Nielsen today unveiled a new framework for commercial TV ratings. The company said it will shift away from its C3 currency and overhaul its approach to crediting in order to offer more granular insights into which viewers see which adverts.
Following a saga of recent events that saw Nielsen stripped of its accreditation by the Media Rating Council – after it was accused of systematically underreporting viewership data during the pandemic – the TV ratings and measurement company is back with an overhauled commercial ratings system.
The company today announced that in 2022 it will roll out a new system for establishing commercial ratings. Its existing commercial ratings currency, C3, offers insight into the average of all commercial minutes within a given television program. Under the new framework, dubbed Individual Commercial Metrics, Nielsen aims to provide advertisers with a more granular view into which viewers consumed which ads. Moving forward, audience estimates will be based on individual ads instead of commercial minutes.
In order to achieve these ends, Nielsen will revamp its approach to crediting – or pinpointing what publisher hosted what ad and what specific viewers saw that ad. A central part of this effort will be revitalizing its approach to identifying and collecting watermarks – audio codes inserted into an ad that allow Nielsen to match a specific ad run at a specific time with the viewer(s) who saw the ad. With the help of New York-based marketing logistics firm Extreme Reach, Nielsen will be able to detect watermarks more frequently within a given minute. As such, the company hopes to be able to credit viewership for individual ads and shorter periods of time during a specific program. Furthermore, Nielsen is integrating Gracenote Content Signatures, which aim to allow granular viewer crediting for moments in which watermarks are not present.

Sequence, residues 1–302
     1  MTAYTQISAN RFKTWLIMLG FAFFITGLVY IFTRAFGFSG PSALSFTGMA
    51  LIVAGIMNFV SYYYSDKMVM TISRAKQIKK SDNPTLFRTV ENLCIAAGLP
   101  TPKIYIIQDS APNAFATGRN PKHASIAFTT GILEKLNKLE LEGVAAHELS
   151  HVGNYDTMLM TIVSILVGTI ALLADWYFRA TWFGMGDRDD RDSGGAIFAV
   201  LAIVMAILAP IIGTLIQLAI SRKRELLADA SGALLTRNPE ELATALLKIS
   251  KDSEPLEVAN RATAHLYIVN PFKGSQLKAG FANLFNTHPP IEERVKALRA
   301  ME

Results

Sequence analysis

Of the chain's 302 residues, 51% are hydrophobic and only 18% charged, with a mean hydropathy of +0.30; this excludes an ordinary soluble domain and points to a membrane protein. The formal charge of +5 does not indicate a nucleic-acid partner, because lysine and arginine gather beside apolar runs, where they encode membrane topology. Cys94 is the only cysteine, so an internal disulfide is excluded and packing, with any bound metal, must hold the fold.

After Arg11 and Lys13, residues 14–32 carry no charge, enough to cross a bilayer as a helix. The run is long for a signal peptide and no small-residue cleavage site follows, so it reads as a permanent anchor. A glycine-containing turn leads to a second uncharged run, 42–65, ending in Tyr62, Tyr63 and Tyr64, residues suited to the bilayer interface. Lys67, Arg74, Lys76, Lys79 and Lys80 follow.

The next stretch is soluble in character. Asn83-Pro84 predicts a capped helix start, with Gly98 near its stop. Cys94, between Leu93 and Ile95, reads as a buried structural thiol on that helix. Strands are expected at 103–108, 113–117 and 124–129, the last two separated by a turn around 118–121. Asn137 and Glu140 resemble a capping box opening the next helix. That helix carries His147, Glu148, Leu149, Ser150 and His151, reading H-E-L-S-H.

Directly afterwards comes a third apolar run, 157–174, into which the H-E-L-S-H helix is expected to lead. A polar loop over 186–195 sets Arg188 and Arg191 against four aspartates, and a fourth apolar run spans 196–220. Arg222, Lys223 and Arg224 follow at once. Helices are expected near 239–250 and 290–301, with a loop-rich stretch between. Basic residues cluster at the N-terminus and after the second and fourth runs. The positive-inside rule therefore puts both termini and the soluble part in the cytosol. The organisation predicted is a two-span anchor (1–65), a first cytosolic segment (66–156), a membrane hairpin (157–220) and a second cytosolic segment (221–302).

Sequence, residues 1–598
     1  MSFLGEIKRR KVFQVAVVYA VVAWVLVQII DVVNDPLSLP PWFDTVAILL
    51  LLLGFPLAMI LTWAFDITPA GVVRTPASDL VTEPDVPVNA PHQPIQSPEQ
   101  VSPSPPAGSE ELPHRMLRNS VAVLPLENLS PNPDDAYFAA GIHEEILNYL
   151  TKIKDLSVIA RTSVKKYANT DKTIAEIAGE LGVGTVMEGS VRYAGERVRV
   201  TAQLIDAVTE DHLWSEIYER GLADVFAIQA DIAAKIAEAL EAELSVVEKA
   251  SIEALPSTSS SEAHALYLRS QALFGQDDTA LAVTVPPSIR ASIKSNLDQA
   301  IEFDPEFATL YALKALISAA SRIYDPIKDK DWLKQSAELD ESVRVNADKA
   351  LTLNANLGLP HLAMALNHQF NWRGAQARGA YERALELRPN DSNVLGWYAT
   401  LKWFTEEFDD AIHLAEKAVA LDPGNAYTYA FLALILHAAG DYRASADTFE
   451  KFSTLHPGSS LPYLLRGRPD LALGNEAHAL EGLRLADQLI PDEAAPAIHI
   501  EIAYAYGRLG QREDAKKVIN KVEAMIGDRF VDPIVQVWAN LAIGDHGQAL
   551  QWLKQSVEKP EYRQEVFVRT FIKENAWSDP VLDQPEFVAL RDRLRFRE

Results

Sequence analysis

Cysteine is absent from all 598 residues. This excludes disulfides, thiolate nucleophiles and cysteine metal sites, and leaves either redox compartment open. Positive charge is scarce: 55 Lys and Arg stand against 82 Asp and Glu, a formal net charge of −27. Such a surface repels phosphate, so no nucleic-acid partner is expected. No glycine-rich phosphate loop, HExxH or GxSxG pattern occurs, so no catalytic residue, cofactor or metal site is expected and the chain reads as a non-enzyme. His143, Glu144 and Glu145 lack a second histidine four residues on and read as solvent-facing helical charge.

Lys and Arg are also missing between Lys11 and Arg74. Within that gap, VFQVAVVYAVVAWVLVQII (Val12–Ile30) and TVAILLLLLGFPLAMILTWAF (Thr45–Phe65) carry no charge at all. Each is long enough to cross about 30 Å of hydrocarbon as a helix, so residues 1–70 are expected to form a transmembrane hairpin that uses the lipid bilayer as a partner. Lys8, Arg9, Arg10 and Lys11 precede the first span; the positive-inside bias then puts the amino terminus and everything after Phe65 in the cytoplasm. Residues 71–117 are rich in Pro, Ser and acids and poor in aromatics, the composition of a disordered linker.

“Nielsen has been working on this technology enhancement for well over a year. This is the culmination of innovation and meticulous testing to ensure that we can meet the industry’s changing needs,” the company’s senior vice-president of product management Kim Gilberti tells The Drum. “Over time, we anticipate that buyers and sellers will begin to transact against the individual commercial metrics of a given ad, rather than maintain the current construct of looking at the average of all minutes within a program. This also supports more comparable measurement across platforms, both linear and digital.”
The move is part of Nielsen’s ongoing efforts to respond to widespread demand for more universal, cross-channel measurement currencies – especially in the evolving world of connected television. Amid a challenging, fragmented landscape, a number of US TV networks have taken it upon themselves to develop new approaches to audience measurement. NBCUniversal in August put out an RFP seeking innovative approaches to measurement. WarnerMedia, ViacomCBS and others have also sought proposals for new frameworks.
Nielsen’s answer to the unrest is its Nielsen One framework, which is still in development. “The initial stage of this exciting evolution allows Nielsen to gather the data required for the launch of Nielsen One in late 2022. We’re excited about what this could bring to the marketplace in the future,” says Gilberti, who in May told The Drum that Nielsen One aims to offer a more “apples to apples” solution for cross-channel ad measurement.
Today’s announcement comes on the heels of the company’s recent rebrand.